Wednesday, December 2, 2015

Professional intuition

Profession intuition — the gut feeling doctors get with experience and instinct that something just isn't right — is under assault, Robert Wachter, MD, professor of clinical medicine at the University of California, San Francisco, told the audience at TEDMED 2015.

"It's suspicious, it's soft, it's squishy," said Dr Wachter, the physician who, along with Lee Goldman, MD, coined the word "hospitalist" in 1996 (N Engl J Med. 1996;335:514-517).

"There's not an algorithm for it, it's not evidence-based," he explained. And "it's antidemocratic, it's paternalistic."

Patients are urged to become their own doctors, to scour the internet and question their doctor's diagnosis. "They're egged on to buy apps and wearables and sensors that will monitor everything from the speed of their heart to the content of their sweat," he said. They buy do-it-yourself tests and treatments.

Much of that is a good thing, said Dr Wachter. For example, a mother can monitor the glucose levels of her diabetic child and suggest changes in insulin levels.

Dr Robert Wachter (Source: TEDMED 2015)
But under some circumstances, the benefit of minute-by-minute data is lost. "I take care of desperately ill patients in intensive-care units, patients whose lives are hanging by a thread, and knowing their heart rate variations minute by minute isn't particularly helpful," he explained.

"How those kind of data are going to be helpful to healthy 30-somethings is, frankly, beyond me, at least at this point," Dr Wachter said.

Two things have happened in the past decade that have changed the patient role. First, the use of electronic records means that a patient's personal records are just a password away; this makes patient engagement easier and cheaper, because they no longer have to pay per page copying fees. And second, health plan deductibles have increased, so patients are using the internet to avoid the out-of-pocket expenses associated with a doctor visit.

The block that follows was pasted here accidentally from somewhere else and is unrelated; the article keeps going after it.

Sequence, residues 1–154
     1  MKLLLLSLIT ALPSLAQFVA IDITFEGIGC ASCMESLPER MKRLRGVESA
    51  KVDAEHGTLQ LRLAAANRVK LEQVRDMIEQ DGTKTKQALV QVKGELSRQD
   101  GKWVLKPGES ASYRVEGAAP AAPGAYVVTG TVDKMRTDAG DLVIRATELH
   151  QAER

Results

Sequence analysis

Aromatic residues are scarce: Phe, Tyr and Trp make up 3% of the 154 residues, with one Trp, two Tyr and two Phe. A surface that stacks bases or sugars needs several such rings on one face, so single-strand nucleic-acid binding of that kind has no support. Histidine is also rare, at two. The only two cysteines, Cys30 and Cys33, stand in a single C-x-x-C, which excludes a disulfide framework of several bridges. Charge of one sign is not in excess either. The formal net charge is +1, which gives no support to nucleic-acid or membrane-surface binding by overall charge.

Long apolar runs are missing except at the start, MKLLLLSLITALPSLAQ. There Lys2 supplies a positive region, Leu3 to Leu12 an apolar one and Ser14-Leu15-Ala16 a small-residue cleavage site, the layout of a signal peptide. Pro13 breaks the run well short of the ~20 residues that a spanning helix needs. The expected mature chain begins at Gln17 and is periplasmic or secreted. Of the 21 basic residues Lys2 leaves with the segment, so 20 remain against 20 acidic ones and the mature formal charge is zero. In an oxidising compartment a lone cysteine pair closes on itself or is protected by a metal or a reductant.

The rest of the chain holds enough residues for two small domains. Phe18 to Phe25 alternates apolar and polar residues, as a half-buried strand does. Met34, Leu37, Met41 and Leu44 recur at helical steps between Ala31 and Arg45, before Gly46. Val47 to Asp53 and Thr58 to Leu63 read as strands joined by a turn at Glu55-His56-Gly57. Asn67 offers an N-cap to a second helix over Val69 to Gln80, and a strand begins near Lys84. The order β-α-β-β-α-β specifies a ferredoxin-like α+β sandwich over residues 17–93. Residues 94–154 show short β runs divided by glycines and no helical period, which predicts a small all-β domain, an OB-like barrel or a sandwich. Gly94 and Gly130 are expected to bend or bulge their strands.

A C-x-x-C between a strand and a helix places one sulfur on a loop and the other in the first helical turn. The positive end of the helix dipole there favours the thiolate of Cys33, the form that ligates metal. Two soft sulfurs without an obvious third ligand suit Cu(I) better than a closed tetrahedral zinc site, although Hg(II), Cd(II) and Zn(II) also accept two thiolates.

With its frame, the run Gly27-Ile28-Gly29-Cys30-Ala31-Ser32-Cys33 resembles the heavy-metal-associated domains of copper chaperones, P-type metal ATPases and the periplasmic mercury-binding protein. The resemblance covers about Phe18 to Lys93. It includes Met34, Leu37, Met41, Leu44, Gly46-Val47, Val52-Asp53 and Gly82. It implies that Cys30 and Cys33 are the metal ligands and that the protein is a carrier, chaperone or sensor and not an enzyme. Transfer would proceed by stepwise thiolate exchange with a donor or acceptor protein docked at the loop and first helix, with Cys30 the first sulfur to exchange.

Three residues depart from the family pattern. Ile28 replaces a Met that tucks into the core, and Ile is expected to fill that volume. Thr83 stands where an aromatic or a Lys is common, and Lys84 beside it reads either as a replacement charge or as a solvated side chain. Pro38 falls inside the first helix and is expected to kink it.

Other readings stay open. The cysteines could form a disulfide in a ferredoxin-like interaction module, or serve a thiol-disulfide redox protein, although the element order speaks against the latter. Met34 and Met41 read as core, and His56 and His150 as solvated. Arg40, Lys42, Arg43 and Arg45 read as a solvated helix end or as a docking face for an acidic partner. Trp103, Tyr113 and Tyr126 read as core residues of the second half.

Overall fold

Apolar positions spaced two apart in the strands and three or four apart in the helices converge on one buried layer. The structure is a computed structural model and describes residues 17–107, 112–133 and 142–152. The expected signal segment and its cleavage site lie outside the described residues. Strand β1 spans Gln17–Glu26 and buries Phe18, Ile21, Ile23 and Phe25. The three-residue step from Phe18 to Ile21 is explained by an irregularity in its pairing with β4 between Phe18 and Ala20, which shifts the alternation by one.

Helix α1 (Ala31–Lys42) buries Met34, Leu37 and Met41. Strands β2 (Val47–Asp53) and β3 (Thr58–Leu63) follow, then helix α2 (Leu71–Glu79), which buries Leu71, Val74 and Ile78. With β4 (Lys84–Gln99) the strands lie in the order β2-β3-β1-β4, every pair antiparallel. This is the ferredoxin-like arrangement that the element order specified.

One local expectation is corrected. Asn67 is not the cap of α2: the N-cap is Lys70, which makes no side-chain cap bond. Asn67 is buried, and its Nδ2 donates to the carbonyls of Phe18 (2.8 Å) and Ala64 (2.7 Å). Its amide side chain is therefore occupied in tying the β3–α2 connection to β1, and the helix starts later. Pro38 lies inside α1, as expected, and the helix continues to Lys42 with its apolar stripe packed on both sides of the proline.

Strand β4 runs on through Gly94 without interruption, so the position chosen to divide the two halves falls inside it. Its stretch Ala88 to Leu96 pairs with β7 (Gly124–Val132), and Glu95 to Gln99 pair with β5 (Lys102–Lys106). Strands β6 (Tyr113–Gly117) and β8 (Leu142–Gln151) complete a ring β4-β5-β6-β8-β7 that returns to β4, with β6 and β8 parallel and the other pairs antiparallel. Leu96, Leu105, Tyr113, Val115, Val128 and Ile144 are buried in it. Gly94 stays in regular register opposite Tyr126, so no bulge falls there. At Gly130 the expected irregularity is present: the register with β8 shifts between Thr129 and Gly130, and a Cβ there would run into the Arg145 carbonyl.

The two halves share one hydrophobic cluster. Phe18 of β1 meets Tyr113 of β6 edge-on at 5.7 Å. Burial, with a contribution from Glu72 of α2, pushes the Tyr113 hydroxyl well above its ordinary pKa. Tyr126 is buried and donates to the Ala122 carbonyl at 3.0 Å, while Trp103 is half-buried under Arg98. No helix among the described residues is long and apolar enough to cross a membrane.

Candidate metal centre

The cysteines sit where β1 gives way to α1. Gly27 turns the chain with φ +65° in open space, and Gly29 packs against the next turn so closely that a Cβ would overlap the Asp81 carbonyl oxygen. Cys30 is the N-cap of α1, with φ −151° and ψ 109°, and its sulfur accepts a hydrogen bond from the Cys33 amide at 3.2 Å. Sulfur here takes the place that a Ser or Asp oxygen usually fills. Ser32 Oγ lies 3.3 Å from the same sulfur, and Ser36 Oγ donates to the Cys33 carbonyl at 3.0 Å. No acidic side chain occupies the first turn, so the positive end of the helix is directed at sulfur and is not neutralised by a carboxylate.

This can lead to patients convincing themselves they have a terrible disease when they don't, or skipping a consultation and deciding they are fine when they need help.

"The doctor as god is not the right model here," Dr Wachter emphasized. "But the patient as doctor is not right, either," he said.
To illustrate the continuing need for doctors, he cited a lecture delivered by eminent gastroenterologist Franz Ingelfinger (N Engl J Med. 1980;303:1507-1511).

Dr Ingelfinger described how, when he developed esophageal cancer, he was bombarded with varied and confusing advice about treatments from medical colleagues and family who deferred to him because of his prominence in the field. They would ask him, 'What would you do?' Dr Wachter explained.

Finally a friend said to Dr Ingelfinger, who had become immobilized with anxiety, "What you need is a doctor."

"These questions — when you need to see a trusted and caring expert who can take on some of the responsibility, who can interpret the data for you, who can give you the information that you need to be an active partner in decision making, who can sometimes be a little paternalistic — are no longer just for patients who are physicians," he said. "They will be questions for all of us."

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